$ gdalwarp -te -135 -90 -90 -45 bluemarble.tif 25.tif
$ gdalwarp -te -90 -90 -45 -45 bluemarble.tif 26.tif
$ gdalwarp -te -45 -90 0 -45 bluemarble.tif 27.tif
$ gdalwarp -te 0 -90 45 -45 bluemarble.tif 28.tif
$ gdalwarp -te 45 -90 90 -45 bluemarble.tif 29.tif
$ gdalwarp -te 90 -90 135 -45 bluemarble.tif 30.tif
$ gdalwarp -te 135 -90 180 -45 bluemarble.tif 31.tif

We now have 32 tiles, each underneath the target size of 1048576 bytes. Each tile is also properly geospatially enabled, which we can see when we run gdalinfo on the first image. If someone was so inclined they could make a simple shell script with two loops that would effectively do all the above in a few lines.

$ gdalinfo 0.tif
Driver: GTiff/GeoTIFF
Files: 0.tif
Size is 540, 540
Coordinate System is:
GEOGCS["WGS 84",
    DATUM["WGS_1984",
        SPHEROID["WGS 84",6378137,298.2572235630016,
            AUTHORITY["EPSG","7030"]],
        AUTHORITY["EPSG","6326"]],
    PRIMEM["Greenwich",0],
    UNIT["degree",0.0174532925199433],
    AUTHORITY["EPSG","4326"]]
Origin = (-180.000000000000000,90.000000000000000)
Pixel Size = (0.083333333333332,-0.083333333333332)
Metadata:
  AREA_OR_POINT=Area
Image Structure Metadata:
  INTERLEAVE=PIXEL
Corner Coordinates:
Upper Left  (-180.0000000,  90.0000000) (180d 0'0.00"W, 90d 0'0.00"N)
Lower Left  (-180.0000000,  45.0000000) (180d 0'0.00"W, 45d 0'0.00"N)
Upper Right (-135.0000000,  90.0000000) (135d 0'0.00"W, 90d 0'0.00"N)
Lower Right (-135.0000000,  45.0000000) (135d 0'0.00"W, 45d 0'0.00"N)
Center      (-157.5000000,  67.5000000) (157d30'0.00"W, 67d30'0.00"N)
Band 1 Block=540x5 Type=Byte, ColorInterp=Red
Band 2 Block=540x5 Type=Byte, ColorInterp=Green
Band 3 Block=540x5 Type=Byte, ColorInterp=Blue

Coordinate system, coordinate corners as well as pixel size indicate that each tile was created properly.

Files: gdalwarpedfiles.tar.gz

3/4 Use gdal_merge.py to put the tiles back into one cohesive bluemarble.tif:

$ gdal_merge.py -o ../bluemarblemerged.tif *.tif

We now have a complete reconstruction of our original GeoTIFF. Running gdalinfo on the the image shows us the geospatial information commiserate with the original bluemarble.tif.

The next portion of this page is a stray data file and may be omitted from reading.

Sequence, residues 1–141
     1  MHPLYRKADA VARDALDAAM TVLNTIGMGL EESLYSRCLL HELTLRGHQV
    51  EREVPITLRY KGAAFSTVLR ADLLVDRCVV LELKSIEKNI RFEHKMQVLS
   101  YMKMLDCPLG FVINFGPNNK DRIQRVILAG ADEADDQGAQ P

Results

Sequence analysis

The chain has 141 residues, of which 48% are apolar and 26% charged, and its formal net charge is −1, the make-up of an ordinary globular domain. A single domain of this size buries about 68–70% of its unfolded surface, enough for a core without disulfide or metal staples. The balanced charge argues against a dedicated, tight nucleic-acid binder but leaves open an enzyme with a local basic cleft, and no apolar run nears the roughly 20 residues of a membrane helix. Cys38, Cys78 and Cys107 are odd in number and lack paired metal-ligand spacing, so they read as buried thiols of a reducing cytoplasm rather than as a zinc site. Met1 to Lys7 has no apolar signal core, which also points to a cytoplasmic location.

$ gdalinfo ../bluemarblemerge.tif
Driver: GTiff/GeoTIFF
Files: ../bluemarblemerge.tif
Size is 4320, 2160
Coordinate System is:
GEOGCS["WGS 84",
    DATUM["WGS_1984",
        SPHEROID["WGS 84",6378137,298.2572235630016,
            AUTHORITY["EPSG","7030"]],
        AUTHORITY["EPSG","6326"]],
    PRIMEM["Greenwich",0],
    UNIT["degree",0.0174532925199433],
    AUTHORITY["EPSG","4326"]]
Origin = (-180.000000000000000,90.000000000000000)
Pixel Size = (0.083333333333332,-0.083333333333332)
Metadata:
  AREA_OR_POINT=Area
Image Structure Metadata:
  INTERLEAVE=PIXEL
Corner Coordinates:
Upper Left  (-180.0000000,  90.0000000) (180d 0'0.00"W, 90d 0'0.00"N)
Lower Left  (-180.0000000, -90.0000000) (180d 0'0.00"W, 90d 0'0.00"S)
Upper Right ( 180.0000000,  90.0000000) (180d 0'0.00"E, 90d 0'0.00"N)
Lower Right ( 180.0000000, -90.0000000) (180d 0'0.00"E, 90d 0'0.00"S)
Center      (  -0.0000000,   0.0000000) (  0d 0'0.00"W,  0d 0'0.00"N)
Band 1 Block=4320x1 Type=Byte, ColorInterp=Red
Band 2 Block=4320x1 Type=Byte, ColorInterp=Green
Band 3 Block=4320x1 Type=Byte, ColorInterp=Blue

4/4 Complete:
Possible extensions:
a) Creating a script to run the gdalwarp commands based on how many tiles in each x/y direction are desired.
b) Use gdal2tiles.py to create a tile set.

Leave a Reply